The Strength of First-Run Foils

When a card gets reprinted, it will lose value. That’s one of the bedrock principles of Magic finance, and probably isn’t news to you.

However, there are some exceptions to this rule, and some of them may be surprising to you.

Let’s take a look at some examples of cards which went UP after being reprinted, flying in the face of conventional wisdom.

The first set of foils that came to my mind in terms of reprints are pretty iconic: the OG Ravnica-block shocklands. Let’s look at Hallowed Fountain’s graph, though you can use just about any of them. Keep in mind that Ravnica was in 2009, Return to Ravnica was 2012, and Guilds of Ravnica was 2019. The original shocklands are quite well aged.

Yowza, that’s an expensive shockland, especially when you look at the price of its reprint:

Note that the Guilds reprint in 2019 didn’t faze the RTR price much, but caused the Dissension price to jump enormously. The other shocklands have had hops from time to time, but the pattern of growth is there despite the reprints. Reprints which included BFZ Expeditions in 2015, mind you.

Now you might be saying, “Yeah, but those are for the shocklands, and those are cards with mega-cross-format appeal!” You’d be right, but there’s no appreciable reason for the 2005 card to be four or five times as expensive as the 2012 one. Especially because there’s not a lot of space between the 2012 foil price and the 2019 foil price.

That’s the shocklands, though. Let’s try something else with an older foil and a lot of reprints.

Karn Liberated has been popular since his first printing in New Phyrexia (2011) and while he’s not a big deal in Commander, Tron has been the real deal with the ability to slam him down turn three and exile something. The price on the OG foil, now nearly ten years old, tells quite a tale:

Something happened in late 2018: Ultimate Master Box Toppers. But even that price has been impacted in 2020 by Double Masters, which gave us another borderless treatment.

The difference here is probably one of use: Karn is big in Modern, but tiny in Commander. Fountain, though, is in 50k+ decks online, literally half the decks that could have the shockland do.

All right, so let’s try a commander card with an original foil, and no special frame reprint. Seedborn Muse meets these criteria, though there hasn’t been a foil reprint since Battlebond in 2017:

I have to admit I’m not a huge fan of using a card with the old border foil in this thought process, but $200 as TCG low vs under $50 for 9th, 10th, and BBD foils is right in line with expectations.

How about a commander staple with an old border AND a special frame reprint? Let’s talk about the Sad Robot, Solemn Simulacrum:

The price on the foil has stayed under $50 for a long time, being the Invitational card back in 2003. There was a reprint in Magic 2012, which included a foil version, but the real event was in 2016, when the Invention version showed up and started soaking up the dollars of people who would have otherwise paid for the OG foil. We got a new FEA version in Core 2021,which seems to have impacted the price on this card, given how the price has fallen this year.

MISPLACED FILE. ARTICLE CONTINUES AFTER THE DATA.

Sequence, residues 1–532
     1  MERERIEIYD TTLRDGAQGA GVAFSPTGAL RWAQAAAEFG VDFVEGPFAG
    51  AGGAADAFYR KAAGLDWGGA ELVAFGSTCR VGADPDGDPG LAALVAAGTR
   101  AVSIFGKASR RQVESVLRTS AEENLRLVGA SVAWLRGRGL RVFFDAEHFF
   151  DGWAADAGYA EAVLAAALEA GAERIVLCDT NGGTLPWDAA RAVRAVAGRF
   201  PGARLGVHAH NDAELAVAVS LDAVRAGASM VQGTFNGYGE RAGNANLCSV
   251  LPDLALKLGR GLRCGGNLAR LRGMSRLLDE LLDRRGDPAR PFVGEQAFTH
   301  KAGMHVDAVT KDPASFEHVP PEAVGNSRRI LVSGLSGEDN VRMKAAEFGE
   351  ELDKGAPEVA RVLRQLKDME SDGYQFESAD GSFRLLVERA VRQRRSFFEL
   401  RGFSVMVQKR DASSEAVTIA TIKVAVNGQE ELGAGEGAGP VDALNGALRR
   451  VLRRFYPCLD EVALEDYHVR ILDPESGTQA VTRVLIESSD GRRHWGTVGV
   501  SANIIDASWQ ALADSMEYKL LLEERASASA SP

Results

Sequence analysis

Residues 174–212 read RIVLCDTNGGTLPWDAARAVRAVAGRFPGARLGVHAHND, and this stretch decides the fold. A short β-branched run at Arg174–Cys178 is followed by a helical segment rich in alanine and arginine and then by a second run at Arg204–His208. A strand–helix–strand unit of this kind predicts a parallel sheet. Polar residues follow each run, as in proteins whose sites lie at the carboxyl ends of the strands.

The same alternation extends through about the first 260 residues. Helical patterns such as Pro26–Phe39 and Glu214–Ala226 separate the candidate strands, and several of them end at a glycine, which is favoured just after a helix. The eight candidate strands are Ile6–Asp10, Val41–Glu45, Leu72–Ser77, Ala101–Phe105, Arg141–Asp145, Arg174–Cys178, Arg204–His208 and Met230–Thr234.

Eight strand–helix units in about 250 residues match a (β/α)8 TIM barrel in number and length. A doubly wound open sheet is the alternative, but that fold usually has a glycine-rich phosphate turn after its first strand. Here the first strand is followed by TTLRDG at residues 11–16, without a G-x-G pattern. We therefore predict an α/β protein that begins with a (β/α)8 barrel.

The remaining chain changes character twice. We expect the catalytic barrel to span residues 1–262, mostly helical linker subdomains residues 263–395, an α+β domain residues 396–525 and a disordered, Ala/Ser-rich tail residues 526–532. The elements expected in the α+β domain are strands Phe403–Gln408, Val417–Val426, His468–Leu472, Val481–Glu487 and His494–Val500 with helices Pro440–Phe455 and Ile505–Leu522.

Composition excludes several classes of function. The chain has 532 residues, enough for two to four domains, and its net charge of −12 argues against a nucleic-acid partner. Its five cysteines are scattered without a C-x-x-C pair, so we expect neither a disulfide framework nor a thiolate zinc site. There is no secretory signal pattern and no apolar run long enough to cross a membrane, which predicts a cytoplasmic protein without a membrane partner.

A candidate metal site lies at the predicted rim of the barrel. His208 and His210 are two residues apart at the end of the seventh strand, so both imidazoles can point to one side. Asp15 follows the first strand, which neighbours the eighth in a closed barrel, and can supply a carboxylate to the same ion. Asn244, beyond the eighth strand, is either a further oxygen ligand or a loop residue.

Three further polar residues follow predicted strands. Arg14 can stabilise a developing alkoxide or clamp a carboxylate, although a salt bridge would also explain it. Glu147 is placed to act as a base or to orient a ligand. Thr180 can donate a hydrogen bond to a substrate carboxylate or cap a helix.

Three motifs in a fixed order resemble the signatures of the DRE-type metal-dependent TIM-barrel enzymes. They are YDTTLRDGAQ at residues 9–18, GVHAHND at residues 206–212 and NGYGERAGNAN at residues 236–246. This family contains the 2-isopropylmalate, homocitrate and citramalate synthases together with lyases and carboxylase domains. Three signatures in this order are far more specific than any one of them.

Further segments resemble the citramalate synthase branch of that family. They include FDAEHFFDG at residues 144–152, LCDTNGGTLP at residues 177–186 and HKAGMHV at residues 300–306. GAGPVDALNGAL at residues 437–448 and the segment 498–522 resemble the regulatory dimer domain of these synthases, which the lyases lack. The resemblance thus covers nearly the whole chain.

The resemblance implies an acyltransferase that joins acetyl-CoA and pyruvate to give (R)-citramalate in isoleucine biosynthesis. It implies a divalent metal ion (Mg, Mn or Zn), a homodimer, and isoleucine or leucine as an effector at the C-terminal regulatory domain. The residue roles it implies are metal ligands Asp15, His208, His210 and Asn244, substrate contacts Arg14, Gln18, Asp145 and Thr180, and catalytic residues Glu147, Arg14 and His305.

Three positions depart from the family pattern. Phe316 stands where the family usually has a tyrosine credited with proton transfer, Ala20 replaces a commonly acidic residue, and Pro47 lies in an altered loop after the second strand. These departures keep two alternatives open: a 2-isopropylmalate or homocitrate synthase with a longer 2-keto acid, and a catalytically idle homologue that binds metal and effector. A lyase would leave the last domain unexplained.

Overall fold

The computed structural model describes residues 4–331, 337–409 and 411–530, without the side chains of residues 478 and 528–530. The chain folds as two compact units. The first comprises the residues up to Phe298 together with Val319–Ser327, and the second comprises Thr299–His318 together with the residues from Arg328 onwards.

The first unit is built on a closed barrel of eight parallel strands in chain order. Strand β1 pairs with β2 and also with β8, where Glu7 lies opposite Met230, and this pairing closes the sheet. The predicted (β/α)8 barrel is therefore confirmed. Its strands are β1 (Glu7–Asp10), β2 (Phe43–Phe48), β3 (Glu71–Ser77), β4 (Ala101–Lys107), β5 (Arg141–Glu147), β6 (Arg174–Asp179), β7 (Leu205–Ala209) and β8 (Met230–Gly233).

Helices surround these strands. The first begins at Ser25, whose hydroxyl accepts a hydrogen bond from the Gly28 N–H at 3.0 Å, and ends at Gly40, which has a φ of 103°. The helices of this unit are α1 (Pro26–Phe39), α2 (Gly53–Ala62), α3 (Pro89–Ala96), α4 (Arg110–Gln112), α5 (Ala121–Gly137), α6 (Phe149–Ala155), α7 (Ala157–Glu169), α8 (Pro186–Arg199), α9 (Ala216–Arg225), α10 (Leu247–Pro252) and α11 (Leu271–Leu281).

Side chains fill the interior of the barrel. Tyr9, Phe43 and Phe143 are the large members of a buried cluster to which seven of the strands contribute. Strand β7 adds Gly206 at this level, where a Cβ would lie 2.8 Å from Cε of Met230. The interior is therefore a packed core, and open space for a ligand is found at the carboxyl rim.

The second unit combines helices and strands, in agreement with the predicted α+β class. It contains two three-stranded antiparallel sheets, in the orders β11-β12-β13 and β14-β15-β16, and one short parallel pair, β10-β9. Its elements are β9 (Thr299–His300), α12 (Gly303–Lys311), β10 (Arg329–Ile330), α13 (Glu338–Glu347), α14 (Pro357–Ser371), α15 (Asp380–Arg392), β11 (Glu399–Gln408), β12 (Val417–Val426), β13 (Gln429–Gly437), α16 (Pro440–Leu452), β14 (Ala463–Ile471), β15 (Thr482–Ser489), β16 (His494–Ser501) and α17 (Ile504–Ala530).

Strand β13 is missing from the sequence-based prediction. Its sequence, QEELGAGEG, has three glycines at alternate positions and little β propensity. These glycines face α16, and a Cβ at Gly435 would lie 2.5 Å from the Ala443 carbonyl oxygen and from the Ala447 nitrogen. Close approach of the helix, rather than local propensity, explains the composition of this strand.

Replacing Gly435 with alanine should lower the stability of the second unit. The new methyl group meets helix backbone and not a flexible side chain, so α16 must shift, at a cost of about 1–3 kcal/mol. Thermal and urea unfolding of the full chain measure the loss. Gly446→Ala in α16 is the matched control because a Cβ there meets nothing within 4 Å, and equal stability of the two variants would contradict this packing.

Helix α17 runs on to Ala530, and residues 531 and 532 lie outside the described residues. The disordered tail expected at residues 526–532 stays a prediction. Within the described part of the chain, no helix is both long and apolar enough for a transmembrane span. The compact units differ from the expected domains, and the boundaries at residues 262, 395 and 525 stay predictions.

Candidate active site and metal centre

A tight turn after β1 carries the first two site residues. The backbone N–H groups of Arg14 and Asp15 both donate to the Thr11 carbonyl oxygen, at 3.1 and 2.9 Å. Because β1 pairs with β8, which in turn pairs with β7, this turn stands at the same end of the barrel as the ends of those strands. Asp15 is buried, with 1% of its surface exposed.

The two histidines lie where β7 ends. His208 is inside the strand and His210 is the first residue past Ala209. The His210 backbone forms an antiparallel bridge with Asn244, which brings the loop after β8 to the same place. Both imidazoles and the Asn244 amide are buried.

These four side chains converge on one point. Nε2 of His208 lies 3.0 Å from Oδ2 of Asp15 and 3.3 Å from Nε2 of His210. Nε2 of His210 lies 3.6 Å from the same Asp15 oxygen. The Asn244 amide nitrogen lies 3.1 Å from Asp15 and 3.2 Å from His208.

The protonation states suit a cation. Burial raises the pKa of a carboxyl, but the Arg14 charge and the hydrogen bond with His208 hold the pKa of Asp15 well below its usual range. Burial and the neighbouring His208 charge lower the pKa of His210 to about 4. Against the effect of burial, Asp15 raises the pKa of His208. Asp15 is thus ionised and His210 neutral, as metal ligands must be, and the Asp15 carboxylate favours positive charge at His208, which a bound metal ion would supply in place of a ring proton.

So to summarize: original pack foils are pretty safe from reprints until a special version shows up. ‘Special Version’ can mean a lot of things, such as in Sakura-Tribe Elder’s case, where there’s an FNM and the awesomely shiny JSS treatment. Mostly, though, it’s going to mean a foil extended art.

This rule does not apply if the special frame becomes more expensive than the original: collectors will then start chasing the most pricey version of the card, and the prophecy will fulfill itself. For instance, I can’t see the new Zendikar Rising Expedition version of Scalding Tarn ever being more expensive than the Battle for Zendikar Expedition version. Godless Shrine, though, the BfZ Expedition became more than the Dissension card and never looked back.

If you own an original foil of a card and a special version shows up, don’t panic. Definitely don’t panic sell, especially if it’s the original foil of a staple in Cube or Commander. There are cards that are resistant to this pressure, and playability is a big part of that calculation.

Duel Decks don’t count, as I see with Avenger of Zendikar and a couple of other cards. Those have been rotten egg of reprints for quite a while, though it’s good that some foil versions remain cheap.

What does this mean going forward?

Well, for starters, I’m going to flinch at expensive pack foils when reprints are coming. One example of this would be Rings of Brighthearth, which is getting a reprint in Commander Legends and that includes a foil extended art treatment. The presence of that FEA means I’m expecting the OG foil to take a hit. Will it recover? Maybe. Whichever one is more expensive in six weeks is the one I’d want to have going forward. Price memory is going to play a big part in something like that, too.

It also means that I much prefer to invest in special frame versions going forward. Not only are those less likely to be reprinted (note that’s not the same as impossible) but they will also be resilient to reprint drag.

Cliff (@WordOfCommander) has been writing for MTGPrice since 2013, and is an eager Commander player, Draft enthusiast, and Cube fanatic. A high school science teacher by day, he’s also the official substitute teacher of the MTG Fast Finance podcast. If you’re ever at a GP and you see a giant flashing ‘CUBE DRAFT’ sign, go over, say hi, and be ready to draft.